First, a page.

While planning and other regulations will have a role to play, it should be borne in mind that the primary concern relates to the substances given that a considerable number of them are available for sale on the Internet and are delivered by post. For this reason, closing off retail outlets will not be sufficient to address the problem. I have quizzed customs officials on this matter and they have indicated that if legislation is in place and products are illegal, they have the capacity to intercept these products. We are addressing this issue in a comprehensive manner.
 
Deputy Byrne is correct that education has a major role to play in this regard. The Health Service Executive has embarked on designing an awareness campaign which will focus, in particular, on addressing the mistaken impression that because these products are legal they are regulated. The problem is these products are not yet illegal and the message the HSE will try to communicate is that this does not mean they are safe. This will be the focus of the awareness campaign being developed.
 
Deputy Jack Wall: I concur with Deputy Catherine Byrne on the educational aspect of this issue. I ask the Minister to ensure the websites of his Department, the Department of Education and Science and the Health Service Executive carry warnings about these products. It would not cost much to provide information on all relevant websites, including, for example, those of local drug task forces and policing committees in each county. I hope this will be done as a short-term measure while work on analysing the products is being done.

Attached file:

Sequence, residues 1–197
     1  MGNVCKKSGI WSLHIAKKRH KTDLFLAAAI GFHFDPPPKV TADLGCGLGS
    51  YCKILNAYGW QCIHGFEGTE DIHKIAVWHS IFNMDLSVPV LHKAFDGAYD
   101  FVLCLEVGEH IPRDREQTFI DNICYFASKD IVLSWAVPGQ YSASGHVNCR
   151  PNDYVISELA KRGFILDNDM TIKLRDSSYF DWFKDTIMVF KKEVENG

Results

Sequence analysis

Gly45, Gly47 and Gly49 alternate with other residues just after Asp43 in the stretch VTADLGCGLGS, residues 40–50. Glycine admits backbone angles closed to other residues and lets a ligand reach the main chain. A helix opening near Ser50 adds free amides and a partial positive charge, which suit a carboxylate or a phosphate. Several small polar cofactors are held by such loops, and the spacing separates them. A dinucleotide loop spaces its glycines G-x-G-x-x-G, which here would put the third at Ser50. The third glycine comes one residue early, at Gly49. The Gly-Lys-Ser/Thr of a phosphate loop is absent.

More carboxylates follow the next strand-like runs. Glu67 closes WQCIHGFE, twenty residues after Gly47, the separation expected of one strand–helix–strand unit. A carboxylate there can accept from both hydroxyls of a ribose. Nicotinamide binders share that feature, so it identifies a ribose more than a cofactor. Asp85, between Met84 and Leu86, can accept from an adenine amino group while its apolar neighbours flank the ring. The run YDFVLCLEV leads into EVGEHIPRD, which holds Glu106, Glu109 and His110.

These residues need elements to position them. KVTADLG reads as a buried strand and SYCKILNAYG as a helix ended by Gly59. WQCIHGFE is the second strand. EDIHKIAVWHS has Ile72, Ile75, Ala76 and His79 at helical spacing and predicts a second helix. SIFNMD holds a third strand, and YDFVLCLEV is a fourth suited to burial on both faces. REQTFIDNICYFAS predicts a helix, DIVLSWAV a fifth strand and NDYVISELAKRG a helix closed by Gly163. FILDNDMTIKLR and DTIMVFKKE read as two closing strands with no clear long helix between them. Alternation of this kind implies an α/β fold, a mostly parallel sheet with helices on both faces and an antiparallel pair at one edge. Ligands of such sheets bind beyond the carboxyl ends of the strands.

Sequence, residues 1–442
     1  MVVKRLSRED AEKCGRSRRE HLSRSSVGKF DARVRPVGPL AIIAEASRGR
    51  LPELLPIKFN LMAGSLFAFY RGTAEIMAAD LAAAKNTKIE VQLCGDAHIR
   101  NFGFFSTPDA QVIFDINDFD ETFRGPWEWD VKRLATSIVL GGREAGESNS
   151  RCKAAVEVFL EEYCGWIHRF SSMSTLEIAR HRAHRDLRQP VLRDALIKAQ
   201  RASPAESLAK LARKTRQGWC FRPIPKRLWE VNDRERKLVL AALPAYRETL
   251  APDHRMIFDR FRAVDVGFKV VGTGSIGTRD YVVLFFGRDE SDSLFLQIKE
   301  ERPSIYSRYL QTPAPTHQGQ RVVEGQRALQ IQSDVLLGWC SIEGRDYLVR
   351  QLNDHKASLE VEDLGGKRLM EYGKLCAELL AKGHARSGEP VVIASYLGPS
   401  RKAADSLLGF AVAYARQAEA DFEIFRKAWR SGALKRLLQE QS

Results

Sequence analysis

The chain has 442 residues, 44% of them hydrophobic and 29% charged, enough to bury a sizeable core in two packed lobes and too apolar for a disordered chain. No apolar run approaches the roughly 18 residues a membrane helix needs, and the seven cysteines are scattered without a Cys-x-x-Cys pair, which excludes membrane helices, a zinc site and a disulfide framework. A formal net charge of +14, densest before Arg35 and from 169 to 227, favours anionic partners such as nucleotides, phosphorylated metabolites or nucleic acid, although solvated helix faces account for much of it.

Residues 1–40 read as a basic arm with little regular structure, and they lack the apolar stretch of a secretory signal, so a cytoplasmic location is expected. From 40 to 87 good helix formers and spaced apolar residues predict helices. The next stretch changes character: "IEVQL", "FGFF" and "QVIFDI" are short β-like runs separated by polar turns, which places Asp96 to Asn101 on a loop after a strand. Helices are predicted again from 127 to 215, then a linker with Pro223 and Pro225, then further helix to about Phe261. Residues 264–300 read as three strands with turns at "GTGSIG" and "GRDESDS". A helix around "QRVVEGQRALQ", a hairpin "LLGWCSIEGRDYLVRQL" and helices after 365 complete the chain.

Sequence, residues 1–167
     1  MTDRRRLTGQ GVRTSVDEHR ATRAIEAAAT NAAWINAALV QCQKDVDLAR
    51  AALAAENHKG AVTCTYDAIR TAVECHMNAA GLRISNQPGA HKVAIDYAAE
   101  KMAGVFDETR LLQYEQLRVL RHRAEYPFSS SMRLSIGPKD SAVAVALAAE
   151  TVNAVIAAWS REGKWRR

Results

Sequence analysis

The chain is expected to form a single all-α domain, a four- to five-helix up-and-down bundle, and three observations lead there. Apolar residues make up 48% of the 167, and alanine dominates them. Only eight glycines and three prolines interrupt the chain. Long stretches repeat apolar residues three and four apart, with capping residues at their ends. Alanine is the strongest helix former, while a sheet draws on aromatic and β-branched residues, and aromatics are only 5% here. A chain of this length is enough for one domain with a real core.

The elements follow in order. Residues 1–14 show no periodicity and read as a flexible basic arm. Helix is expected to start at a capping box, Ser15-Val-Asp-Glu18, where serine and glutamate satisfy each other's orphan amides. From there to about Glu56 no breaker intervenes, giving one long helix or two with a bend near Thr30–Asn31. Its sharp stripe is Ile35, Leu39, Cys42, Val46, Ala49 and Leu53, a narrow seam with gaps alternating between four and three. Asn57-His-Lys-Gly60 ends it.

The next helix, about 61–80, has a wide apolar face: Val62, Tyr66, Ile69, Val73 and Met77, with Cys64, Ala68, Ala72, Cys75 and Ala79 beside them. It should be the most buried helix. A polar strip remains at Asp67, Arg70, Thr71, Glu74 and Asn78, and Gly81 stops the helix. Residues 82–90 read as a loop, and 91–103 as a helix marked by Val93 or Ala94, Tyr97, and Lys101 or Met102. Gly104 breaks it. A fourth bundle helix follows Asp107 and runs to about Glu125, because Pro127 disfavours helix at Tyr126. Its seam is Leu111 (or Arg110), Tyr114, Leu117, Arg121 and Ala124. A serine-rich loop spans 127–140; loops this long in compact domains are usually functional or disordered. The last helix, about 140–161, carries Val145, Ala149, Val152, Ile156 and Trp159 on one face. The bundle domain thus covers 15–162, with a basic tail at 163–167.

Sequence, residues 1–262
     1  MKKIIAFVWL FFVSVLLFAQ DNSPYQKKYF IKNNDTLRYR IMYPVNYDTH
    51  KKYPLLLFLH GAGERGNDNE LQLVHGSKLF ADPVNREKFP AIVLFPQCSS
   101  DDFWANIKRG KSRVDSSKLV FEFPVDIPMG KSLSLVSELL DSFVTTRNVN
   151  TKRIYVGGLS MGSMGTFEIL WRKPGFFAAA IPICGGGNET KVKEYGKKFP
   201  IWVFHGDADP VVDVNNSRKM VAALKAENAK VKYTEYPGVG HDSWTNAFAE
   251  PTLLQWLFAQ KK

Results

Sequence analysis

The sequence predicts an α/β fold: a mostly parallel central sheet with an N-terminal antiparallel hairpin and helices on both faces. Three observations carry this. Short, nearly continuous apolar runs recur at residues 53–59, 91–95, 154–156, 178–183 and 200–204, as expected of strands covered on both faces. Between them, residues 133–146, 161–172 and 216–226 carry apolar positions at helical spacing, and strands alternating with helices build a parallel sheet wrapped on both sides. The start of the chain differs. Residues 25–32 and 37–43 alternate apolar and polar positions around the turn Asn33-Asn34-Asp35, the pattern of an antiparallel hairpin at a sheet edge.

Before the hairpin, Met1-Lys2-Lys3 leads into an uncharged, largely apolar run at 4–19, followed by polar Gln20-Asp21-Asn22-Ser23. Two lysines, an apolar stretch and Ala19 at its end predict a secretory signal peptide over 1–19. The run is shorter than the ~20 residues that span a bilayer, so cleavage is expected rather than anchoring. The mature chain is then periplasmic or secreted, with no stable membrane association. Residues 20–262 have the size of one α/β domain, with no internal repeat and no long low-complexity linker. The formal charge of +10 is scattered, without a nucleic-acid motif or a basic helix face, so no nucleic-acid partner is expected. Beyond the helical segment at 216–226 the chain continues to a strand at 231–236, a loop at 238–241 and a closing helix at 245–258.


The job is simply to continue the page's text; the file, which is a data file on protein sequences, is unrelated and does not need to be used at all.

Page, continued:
Deputy Catherine Byrne: When will legislation on this issue come before the House?
 
Deputy John Curran: Deputy Wall makes a good suggestion on providing information on websites. I will ask officials in the relevant Department to take action in this regard.
 
I am not sure whether legislation will be necessary or if the measures can be taken by ministerial order and statutory instrument under existing legislation. It is intended to add this range of substances to the Schedule of the Misuse of Drugs Act.
 
Vol. 702 No. 4  
Controlled Drugs Sales
Thursday, 18 February 2010